Developing countries at risk of being left behind in global tax reform, say researchers
Today, the G20 Finance Ministers are meeting in Washington D.C. to consider the OECD’s proposal for a “unified approach” to update international corporate tax rules for the digital era. Following its publication last week, the proposal was described as stunning, revolutionary, and a “global shake-up.” But how radical is it really, and how will it affect developing countries? As Dr Martin Hearson says, “It is really a negotiation among powerful economies, and for that reason, may not have such a radical impact on lower-income countries.”
Dr Hearson will deliver the keynote speech at the IMF and World Bank conference on these issues Sunday 20 October. He is a Research Fellow at the Institute of Developing Studies, where he leads the international tax research programme of the International Centre for Tax and Development (ICTD).
At the moment, 134 countries are members of the G20/OECD Inclusive Framework, a new body leading the reform of international rules for taxing multinational companies. It is not yet clear how influential developing countries will be within the relatively untested Framework, especially given the power imbalance with large developed markets and the capacity demands of a rapid and intense programme of work.
While it was originally a response to the political outcry resulting from reports that large digital companies like Google, Amazon, and Facebook pay little tax in many countries in which they operate, the G20/OECD process has now broadened to adapting a century-old set of tools to make them fit for purpose for the 21st century economy.
As developing countries rely more heavily on corporate income tax revenue, they suffer disproportionately from multinational tax avoidance. The ICTD’s work in this area therefore supports research and debate to help low-income countries navigate this technically complex and rapidly evolving agenda.
On Sunday, leading policy makers and thinkers from governments, academia, civil society, and business will gather in Washington D.C. to discuss these issues. In his keynote, Dr Hearson will examine the forces driving the reform process, the institutional context and the interests of different states, and key questions and areas of concern for developing countries including: Will they get more taxing rights? Will they be able to implement the new rules effectively? And what are the opportunity costs? As he concludes, “The eventual outcome will likely be a real cost-benefit dilemma for developing countries, but the most sustainable outcome for them will be one that maximises gains in the short-term, while leaving open space for innovation in the medium-term.”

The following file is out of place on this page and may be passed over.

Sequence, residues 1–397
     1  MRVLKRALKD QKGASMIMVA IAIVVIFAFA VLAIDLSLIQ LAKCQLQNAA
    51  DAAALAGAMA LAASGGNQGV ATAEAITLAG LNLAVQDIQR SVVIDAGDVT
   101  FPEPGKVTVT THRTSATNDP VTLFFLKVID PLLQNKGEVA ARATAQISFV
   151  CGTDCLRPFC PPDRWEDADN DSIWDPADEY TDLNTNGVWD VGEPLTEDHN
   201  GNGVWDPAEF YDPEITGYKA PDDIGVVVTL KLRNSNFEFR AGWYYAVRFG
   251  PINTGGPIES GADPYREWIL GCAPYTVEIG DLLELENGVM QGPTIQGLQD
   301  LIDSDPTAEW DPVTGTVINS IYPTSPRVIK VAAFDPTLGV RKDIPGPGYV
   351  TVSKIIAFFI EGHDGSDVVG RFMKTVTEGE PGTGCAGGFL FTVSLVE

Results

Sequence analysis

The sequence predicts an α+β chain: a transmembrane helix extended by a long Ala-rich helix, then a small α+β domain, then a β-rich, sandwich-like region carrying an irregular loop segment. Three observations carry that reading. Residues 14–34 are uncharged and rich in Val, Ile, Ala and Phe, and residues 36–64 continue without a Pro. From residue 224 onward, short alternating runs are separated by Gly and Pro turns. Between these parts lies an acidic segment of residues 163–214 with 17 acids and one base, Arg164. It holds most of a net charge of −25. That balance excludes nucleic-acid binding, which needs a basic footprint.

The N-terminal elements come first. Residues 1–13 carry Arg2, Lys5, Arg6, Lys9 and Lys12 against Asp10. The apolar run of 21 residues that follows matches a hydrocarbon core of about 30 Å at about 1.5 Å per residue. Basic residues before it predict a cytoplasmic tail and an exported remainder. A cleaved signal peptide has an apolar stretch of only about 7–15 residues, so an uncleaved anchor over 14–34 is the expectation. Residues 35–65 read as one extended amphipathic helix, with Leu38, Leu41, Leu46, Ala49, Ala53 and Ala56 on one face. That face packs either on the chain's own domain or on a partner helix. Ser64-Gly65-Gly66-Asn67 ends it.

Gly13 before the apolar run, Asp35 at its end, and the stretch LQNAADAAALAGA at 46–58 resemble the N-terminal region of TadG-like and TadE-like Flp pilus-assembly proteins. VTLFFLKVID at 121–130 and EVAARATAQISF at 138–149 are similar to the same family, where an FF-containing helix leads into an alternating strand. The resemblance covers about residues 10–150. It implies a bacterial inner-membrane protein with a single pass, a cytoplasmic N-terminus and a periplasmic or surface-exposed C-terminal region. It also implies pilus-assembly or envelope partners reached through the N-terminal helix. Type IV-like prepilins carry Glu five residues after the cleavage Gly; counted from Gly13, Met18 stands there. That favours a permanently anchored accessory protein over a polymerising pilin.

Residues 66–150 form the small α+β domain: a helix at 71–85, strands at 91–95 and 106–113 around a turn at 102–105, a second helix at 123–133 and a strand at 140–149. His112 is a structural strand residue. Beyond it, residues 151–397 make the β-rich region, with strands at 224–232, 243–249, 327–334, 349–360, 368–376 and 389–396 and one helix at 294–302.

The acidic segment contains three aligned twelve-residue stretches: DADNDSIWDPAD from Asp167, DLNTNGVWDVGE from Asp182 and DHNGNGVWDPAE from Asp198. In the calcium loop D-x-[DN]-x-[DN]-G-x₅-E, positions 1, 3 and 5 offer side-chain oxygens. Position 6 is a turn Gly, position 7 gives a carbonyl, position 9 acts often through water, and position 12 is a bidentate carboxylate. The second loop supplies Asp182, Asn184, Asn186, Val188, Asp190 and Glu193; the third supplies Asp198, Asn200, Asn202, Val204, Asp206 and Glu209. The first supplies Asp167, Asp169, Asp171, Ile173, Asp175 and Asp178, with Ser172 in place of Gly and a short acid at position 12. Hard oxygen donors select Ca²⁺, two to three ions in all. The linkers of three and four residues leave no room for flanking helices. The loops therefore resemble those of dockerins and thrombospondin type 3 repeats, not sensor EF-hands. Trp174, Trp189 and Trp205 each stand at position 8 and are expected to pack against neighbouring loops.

Meanwhile, the G20/OECD Inclusive Framework does not have a monopoly on decision-making in this area. This week, Dr Hearson and ICTD Senior Fellow Professor Sol Picciotto attended the UN Tax Committee Meeting in Geneva, at which the ICTD and the South Centre organised a side meeting attended by negotiators from five developing countries. As Professor Picciotto says, “The UN tax committee has a distinctive role beyond the OECD process, and certain provisions in its model treaty provide scope for developing countries to tax in ways the OECD is not considering. It should embrace this.”
There is plenty to be done in strengthening the negotiating power of developing countries both within and outside the Inclusive Framework, and this is imperative given how much is at stake.
Pictured above from left to right: ICTD Senior Fellow Sol Picciotto, ICTD Research Fellow Martin Hearson, OECD Centre for Tax Policy & Administration Director Pascal Saint-Amans, ActionAid Global Tax Advisor Joy Ndubai, Gide Loyrette Nouel LLP Associate Zach Pouga at the ICTD/BEPS Monitoring Group International Tax Workshop in July.